The Duke of Wellington concluded the Treaty of Paris on 20 November 1815, under which French borders were returned to their 1790 position, and punitive reparations levied.


In the November issue of The British Review, and London Critical Journal, Roberts published a lengthy article entitled ‘The Church in Danger’ in which he discussed several of the pamphlets written on the subject of the British and Foreign Bible Society, including the letter to the Bishop of Gloucester written by Thomas Gisborne (see also 'To Olivia Sparrow, 20 October 1815'). Roberts’s article featured missives from both sides of the argument, though his own view was firmly in favour of the work of the Bible Society for having raised ‘a great proportion of these neutral beings’ (by which he meant the poor) ‘into a state of positive religion’ (The British Review, November 1815, pp. 252-287 (p. 255)). (Read on Google Books.)


Robert Shaw (later Sir Robert; 1774-1849), who was elected MP for Dublin in 1804 (having previously served as MP for Bannow). Shaw retired from parliament in 1826. In addition to his political role, Shaw was also a prominent financier, and played a role in establishing the Royal Bank of Ireland.


The pamphlet More mentions may be "A sketch of Irish history, : compiled by way of question and answer for the use of schools", written by Mother Ursula Young (an Ursuline Sister) and printed in Cork by J. Geary in 1815. (Read on Google Books.) This pamphlet, something of an Irish nationalist catechism, was frequently cited in debates about the dangers of Catholic education in Ireland. Before a select committee on 'the State of Ireland' in 1825-26, the Archbishop of Dublin declared that had received a copy of this book in 1815, and found it "so monstrous" that he sent a copy to a member of parliament. The MP in question may have been Shaw, who then forwarded it to More. (Read the parliamentary discussion on Google Books.)


Dr Woodward was the Rector at Balleyloch in County Cork.


William Magee (1766-1831) was Dean of Cork at this time, having been appointed in 1814. Magee held high church evangelical views, and was a political conservative.


The Society of Jesus had been suppressed by Pope Clement XIV in 1773; it was not restored until 1814, when Pope Pius VII issued a bull titled ‘Sollicitudo Omnium Ecclesiarum’ (The Care of all Churches), allowing for the Jesuits to operate across the Catholic world.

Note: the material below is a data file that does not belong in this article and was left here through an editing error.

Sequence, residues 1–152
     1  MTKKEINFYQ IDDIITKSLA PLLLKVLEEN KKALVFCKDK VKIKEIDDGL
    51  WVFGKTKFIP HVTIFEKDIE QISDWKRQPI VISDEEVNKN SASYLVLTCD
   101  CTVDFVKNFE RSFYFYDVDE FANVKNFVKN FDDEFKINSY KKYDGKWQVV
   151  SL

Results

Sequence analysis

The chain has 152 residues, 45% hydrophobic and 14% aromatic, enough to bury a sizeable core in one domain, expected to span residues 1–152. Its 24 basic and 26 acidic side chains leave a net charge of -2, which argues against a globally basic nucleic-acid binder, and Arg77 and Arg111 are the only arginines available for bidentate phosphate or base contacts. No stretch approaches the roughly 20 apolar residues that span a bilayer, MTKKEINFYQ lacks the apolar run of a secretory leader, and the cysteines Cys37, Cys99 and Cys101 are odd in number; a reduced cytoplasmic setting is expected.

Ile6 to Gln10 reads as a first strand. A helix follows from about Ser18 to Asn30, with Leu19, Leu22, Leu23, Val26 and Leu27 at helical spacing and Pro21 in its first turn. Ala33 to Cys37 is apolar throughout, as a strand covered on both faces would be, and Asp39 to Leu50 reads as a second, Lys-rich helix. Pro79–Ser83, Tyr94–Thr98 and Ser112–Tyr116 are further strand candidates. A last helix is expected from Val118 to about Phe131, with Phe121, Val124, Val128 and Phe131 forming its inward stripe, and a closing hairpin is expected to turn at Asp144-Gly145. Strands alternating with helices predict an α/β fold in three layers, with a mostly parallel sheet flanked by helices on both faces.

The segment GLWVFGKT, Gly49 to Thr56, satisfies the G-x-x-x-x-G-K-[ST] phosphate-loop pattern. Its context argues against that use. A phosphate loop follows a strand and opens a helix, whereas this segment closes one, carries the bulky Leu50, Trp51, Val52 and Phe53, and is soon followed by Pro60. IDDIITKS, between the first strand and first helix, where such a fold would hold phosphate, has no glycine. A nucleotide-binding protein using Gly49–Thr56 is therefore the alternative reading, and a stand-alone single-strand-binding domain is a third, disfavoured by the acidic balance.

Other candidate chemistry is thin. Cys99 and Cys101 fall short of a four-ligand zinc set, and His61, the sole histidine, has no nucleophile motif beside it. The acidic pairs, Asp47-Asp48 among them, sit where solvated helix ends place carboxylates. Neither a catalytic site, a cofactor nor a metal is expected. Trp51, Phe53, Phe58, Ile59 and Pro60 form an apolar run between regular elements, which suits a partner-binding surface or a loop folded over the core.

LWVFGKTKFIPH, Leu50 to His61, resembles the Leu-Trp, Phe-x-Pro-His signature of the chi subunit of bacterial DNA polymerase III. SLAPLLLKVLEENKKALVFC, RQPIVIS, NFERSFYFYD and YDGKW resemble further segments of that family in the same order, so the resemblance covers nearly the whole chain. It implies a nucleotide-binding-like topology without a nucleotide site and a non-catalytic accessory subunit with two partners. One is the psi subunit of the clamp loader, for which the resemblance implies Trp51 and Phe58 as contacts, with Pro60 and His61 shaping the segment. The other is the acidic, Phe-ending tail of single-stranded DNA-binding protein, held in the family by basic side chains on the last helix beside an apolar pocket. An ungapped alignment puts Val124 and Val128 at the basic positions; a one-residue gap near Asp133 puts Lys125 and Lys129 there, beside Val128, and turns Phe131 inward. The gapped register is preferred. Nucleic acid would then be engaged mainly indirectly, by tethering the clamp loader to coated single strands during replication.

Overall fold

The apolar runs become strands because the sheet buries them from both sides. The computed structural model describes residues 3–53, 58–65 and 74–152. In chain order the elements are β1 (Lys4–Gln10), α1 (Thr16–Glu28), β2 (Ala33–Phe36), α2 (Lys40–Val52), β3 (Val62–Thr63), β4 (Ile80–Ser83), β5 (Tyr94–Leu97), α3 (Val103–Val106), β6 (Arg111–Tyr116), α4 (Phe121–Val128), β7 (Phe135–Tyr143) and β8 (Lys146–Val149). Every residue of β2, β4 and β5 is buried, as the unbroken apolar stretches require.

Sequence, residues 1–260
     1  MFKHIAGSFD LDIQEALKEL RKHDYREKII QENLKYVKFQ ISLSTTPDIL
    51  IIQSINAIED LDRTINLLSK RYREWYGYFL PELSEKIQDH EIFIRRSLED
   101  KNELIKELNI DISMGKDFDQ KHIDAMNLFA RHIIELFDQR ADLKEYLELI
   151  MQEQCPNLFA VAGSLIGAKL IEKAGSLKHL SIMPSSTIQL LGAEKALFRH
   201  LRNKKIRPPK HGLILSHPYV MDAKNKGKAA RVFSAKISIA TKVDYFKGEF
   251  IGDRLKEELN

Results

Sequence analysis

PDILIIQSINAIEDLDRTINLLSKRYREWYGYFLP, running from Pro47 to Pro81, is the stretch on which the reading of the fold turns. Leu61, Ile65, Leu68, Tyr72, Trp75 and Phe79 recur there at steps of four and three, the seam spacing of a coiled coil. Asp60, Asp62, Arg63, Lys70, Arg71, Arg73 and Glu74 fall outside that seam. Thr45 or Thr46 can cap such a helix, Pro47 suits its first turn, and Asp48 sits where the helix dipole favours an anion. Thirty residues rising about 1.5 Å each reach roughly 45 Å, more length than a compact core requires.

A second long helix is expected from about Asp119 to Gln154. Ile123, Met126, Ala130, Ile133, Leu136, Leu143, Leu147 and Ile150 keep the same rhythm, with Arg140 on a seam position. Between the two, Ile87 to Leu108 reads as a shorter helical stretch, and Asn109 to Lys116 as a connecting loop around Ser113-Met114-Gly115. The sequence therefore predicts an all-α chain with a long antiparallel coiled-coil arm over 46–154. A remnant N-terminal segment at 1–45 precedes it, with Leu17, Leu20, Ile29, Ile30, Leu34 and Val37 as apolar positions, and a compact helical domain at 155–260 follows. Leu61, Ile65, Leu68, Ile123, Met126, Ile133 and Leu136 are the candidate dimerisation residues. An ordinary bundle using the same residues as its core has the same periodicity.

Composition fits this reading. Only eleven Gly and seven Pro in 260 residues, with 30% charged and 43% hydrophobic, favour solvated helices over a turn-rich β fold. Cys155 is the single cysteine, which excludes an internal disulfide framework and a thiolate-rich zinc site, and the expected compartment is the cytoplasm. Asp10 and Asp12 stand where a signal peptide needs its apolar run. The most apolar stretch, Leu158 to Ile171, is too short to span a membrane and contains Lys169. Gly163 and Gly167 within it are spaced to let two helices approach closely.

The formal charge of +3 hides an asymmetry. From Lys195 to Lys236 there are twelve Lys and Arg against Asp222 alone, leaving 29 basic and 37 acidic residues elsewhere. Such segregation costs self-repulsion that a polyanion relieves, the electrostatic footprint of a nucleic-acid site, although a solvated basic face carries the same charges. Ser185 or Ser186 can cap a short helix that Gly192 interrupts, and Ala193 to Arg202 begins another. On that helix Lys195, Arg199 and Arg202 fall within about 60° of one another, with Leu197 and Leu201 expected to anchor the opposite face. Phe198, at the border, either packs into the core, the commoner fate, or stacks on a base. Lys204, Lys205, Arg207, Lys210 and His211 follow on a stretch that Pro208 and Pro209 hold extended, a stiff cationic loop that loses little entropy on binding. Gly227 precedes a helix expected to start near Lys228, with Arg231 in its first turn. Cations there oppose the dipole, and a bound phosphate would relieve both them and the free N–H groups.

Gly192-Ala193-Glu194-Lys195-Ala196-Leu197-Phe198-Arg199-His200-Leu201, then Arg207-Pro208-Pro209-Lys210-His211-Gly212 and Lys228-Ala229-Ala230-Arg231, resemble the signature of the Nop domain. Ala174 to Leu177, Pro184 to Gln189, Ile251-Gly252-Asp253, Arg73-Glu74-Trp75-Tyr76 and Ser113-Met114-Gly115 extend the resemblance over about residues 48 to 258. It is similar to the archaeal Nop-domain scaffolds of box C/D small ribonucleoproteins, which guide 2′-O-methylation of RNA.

The Rev. Hon. John Charles Maude was appointed curate at Blagdon in October 1815. He was the son of Cornwallis Maude, first Viscount Hawarden (1729-1803), and his third wife, Anne Isabelle Monck (1759-1851).


Christ Church, Oxford. According to Alumni Oxonienses, Maude maticulated in 1812 and graduated BA in 1815.


George Baring had been vicar of Winterbourne Stoke in Wiltshire.


This group was known as ‘the Baring Sect’, and were the group behind the ‘Western Schism’. (See also 'To Lady Olivia Sparrow, 13 Deceber 1815)


William Huntington (1745-1813), a Calvinist preacher, had opened a ‘Providence Chapel’ in London in 1783. There, his evangelical sermons attracted a numerous and varied congregation, which included some prominent members of the nobility, though his popularity with the poor perhaps contributed to the anxiety of those critical of his message. In July 1810 the chapel burned to the ground. Huntington was able to raise the funds to build another, ‘New Providence Chapel’, on Gray’s Inn Road, less than a year later. After Huntington’s death the chapel remained proprietary (belonging to a private individual, though open to the public) until 1836. It does not ultimately appear to have passed into the hands of the Baring Sect.


The Hon. Charles Stewart (1775-1837) was the third surviving son of the Earl of Galloway, John Stewart. Ordained deacon in 1798 and priest in 1799, Stewart was selected as a missionary to north America in 1807. For the next twenty years he was extremely active over a vast swathe of the eastern part of the continent, travelling thousands of miles some years between Montreal in the north and Vermont in the south. As a result of his ministry twenty-four churches were built in the region, all of which attracted large and loyal congregations. Stewart was generous with money, and gave support to various charitable causes. He would be consecrated Bishop of Canada in 1826.